Recovery to Practice Highlights
The second quarterly Webinar for 2012, “Understanding and Building on Culture and Spirituality in
Recovery-Oriented Practice,” was held April 4, 2012. Download the slides and handout at http://www.dsgonline.com/rtp/webinars/4.4.2012.html.
Reciprocal Supervision: How Peer Specialists and Their Supervisors Can Work Together for Lasting Recovery
by M. C. Violet Taylor Recovery to Practice Highlights April 6, 2012
Reciprocal Supervision is a term I coined to describe the egalitarian relationship I have with my supervisor. She is the Assistant Chief Nursing Executive in a locked mental health institute and I am a Regional Peer Bridger-the consumer on staff. We work in an acute care setting, where the spectrum of mental health issues, cultures, languages, abilities, and lifestyles is as varied among consumers as it is among coworkers. Our State has not been as progressive as it has been diverse. Peer Support Specialists are still a rarity, and we are the signal of changes to come.
There is a true understanding of the concept “unconditional high regard” in the working relationships I’ve developed with my supervisors at the hospital. We have incorporated key elements of the Wellness Recovery Action Plan (WRAP) in our relationships, emphasizing Hope, Personal Responsibility, Education, Self-Advocacy, and Support to benefit everyone-especially the consumers we serve.
Peer Support Specialists take a different approach to mental health and recovery. Relationships are based on trust, and we emphasize the strengths a consumer has already developed or has the capacity to develop. Among peers, reciprocity and discretion are implicit. You might say we work “from the heart out,” with an appreciation for the preciousness of each other’s humanity. It goes without saying that we all strive to support and understand one another.
For these reasons, Peer Support Specialists can be seen as disruptive in workplaces where change is necessary. My focus is to help people return to work and their communities and, most importantly, begin the recovery process. Cleaning a consumer’s home to ease his return from the hospital, waiting in the car during a peer’s job interview, shopping with someone for work clothes and supplies… these are just a few of the tasks we perform, all the while gently encouraging peers to determine what assistance is needed for their recovery. Recovery is always a work in progress. We’re constantly changing together.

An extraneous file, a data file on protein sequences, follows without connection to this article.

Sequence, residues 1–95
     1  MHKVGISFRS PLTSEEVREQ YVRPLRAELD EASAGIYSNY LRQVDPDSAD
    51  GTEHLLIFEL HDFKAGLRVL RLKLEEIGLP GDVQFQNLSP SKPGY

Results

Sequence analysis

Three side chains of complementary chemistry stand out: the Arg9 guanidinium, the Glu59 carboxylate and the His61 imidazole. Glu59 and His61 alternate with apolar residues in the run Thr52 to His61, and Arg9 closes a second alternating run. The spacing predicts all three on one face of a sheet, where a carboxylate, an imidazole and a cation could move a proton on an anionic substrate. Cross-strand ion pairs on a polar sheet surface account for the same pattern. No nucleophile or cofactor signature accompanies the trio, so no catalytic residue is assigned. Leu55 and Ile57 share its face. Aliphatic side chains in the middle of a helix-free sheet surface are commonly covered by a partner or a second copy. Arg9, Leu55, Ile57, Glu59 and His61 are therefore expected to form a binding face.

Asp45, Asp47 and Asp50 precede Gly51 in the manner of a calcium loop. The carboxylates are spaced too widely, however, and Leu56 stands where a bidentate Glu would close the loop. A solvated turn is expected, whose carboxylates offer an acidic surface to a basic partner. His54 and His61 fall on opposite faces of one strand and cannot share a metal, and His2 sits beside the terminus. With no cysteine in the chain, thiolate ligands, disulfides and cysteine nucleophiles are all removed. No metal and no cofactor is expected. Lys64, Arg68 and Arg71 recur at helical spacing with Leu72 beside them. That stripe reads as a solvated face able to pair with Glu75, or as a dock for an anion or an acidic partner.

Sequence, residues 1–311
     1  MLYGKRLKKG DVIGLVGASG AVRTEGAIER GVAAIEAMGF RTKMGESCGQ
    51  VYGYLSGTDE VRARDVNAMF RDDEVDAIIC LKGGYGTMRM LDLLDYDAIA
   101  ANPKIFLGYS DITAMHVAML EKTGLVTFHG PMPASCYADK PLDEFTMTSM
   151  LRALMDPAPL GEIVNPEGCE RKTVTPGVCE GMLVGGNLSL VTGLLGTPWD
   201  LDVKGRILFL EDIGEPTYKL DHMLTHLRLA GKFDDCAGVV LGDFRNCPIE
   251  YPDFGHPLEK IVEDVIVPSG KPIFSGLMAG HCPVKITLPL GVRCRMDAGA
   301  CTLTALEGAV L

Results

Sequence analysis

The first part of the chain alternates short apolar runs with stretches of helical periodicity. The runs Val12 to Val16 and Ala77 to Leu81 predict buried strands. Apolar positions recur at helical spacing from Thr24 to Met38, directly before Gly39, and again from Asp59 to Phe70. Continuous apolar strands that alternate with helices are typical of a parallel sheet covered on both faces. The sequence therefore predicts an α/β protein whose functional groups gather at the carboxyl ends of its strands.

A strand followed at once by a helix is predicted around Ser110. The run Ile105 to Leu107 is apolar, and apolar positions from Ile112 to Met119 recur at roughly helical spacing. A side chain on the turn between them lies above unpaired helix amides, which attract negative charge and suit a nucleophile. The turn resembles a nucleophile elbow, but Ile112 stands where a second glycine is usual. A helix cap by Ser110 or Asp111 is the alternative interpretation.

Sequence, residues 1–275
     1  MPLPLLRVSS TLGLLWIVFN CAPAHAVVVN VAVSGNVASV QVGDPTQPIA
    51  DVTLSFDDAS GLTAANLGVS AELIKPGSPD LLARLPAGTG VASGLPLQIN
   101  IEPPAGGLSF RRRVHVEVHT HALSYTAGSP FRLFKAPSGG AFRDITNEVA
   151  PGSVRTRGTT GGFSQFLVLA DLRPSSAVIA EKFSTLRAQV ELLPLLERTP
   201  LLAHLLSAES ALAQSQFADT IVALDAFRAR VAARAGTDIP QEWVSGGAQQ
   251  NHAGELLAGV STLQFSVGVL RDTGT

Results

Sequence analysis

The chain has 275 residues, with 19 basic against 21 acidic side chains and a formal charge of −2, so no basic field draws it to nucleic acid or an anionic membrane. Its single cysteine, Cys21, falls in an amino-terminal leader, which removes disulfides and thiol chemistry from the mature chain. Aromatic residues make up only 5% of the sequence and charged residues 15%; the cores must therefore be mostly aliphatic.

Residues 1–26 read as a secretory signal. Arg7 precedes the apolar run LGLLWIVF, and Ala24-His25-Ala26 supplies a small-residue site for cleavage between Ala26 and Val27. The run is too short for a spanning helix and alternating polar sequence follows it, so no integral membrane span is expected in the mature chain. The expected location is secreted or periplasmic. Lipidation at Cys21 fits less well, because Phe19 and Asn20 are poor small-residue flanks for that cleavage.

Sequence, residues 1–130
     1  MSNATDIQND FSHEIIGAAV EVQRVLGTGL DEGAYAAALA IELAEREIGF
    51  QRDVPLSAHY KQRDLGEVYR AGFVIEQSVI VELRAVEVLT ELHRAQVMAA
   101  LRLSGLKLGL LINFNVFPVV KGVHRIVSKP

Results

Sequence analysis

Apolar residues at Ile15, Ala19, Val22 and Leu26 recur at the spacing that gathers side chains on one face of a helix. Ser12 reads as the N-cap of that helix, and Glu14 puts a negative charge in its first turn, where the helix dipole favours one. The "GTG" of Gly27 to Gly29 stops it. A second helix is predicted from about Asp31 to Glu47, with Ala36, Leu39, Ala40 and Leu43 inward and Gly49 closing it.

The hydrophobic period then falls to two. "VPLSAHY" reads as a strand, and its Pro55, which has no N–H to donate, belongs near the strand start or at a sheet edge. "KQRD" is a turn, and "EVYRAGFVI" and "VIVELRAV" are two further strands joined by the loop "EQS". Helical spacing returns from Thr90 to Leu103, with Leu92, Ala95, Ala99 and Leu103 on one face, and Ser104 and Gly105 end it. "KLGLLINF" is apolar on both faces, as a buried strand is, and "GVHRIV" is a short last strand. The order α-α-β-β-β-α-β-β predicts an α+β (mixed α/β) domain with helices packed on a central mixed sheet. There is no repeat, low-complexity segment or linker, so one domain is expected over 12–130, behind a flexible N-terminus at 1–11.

Each of my four supervisors has been a Recovery Champion. Along with peer leader Lisa Goodwin, the clinical staff have guided me with creativity and patience. Change has taken place at our organization and I believe healthy, strong relationships are part of the reason our consumers are so successful.
My first supervisor was Chief Nursing Executive Amy Rushton, RN. Looking back, I realize she was the driving force behind my work and recovery-oriented care at the hospital. Melissa Preston, Director of Social Work, was my supervisor the following year. She emphasized efficiency and customer service skills. Today I am supervised by Lauren Davis, ACNE, who has allowed me to write about and promote our success. These are women of vision, creativity, and strength.
Over the years, I have learned lessons from my supervisors that I still use today:
Ask the Consumer
When you’re not sure about what a person has in mind, ask. Start a dialogue-it will show consumers you support their health, life, and dreams. If they don’t know where to begin, help them create a list of viable options.
Give Your Supervisors What They Need to Help You!
At times, staff will question your work. My supervisor attends meetings where she’s grilled about my decisions. Because we keep the lines of communication open, she can help me handle difficult staff and administrative hurdles. When my decisions are based on health, safety, and common sense, they can be easily explained to anyone.
Make Opportunities for People to Shine
As a one-peer department, I needed help facilitating groups. When consumers at the hospital heard about peer-led groups, they were anxious. “They can’t be in a room alone together!” was the assumption. I responded that people need to be part of a support group where they can speak honestly, without fear of documentation or another diagnosis. My supervisor suggested each peer group leader work with an assistant, so someone would always remain in the room. We started with five peer-led groups and when consumers requested more, we obliged. I now co-lead about 14 groups each week, with help from consumers. Our groups are so effective, we host two at local drop-in centers.
Take Time to Speak Out
Consumers and I are usually responsible for presenting at local conferences. It was difficult to speak publicly at first, but my peers and supervisors brought me along. Allow your Peer Support Specialists to attend local and national conferences. If possible, let them bring consumers.
Guidelines I Use to “Manage My Supervisor”
As Peer Support Specialists working in an organization, we cannot create an atmosphere of “us” and “them.” A string pulled in two directions is destined to break. Instead, show your organization you are all bound together by the sturdy, mutual, and heartfelt desire to help others overcome mental illness. There is no greater goal.
1. Patricia Deegan. 2011. Peer Staff as Disruptive Innovators-PDA Blog. Patricia Deegan and CommonGround-PDA. Retrieved from http://www.patdeegan.com/blog/posts/peer-staff-disruptive-innovators.
Violet Taylor is a Regional Peer Bridger in Falls Church, Virginia. Contact her at Violet.Taylor@dbhds.virginia.gov.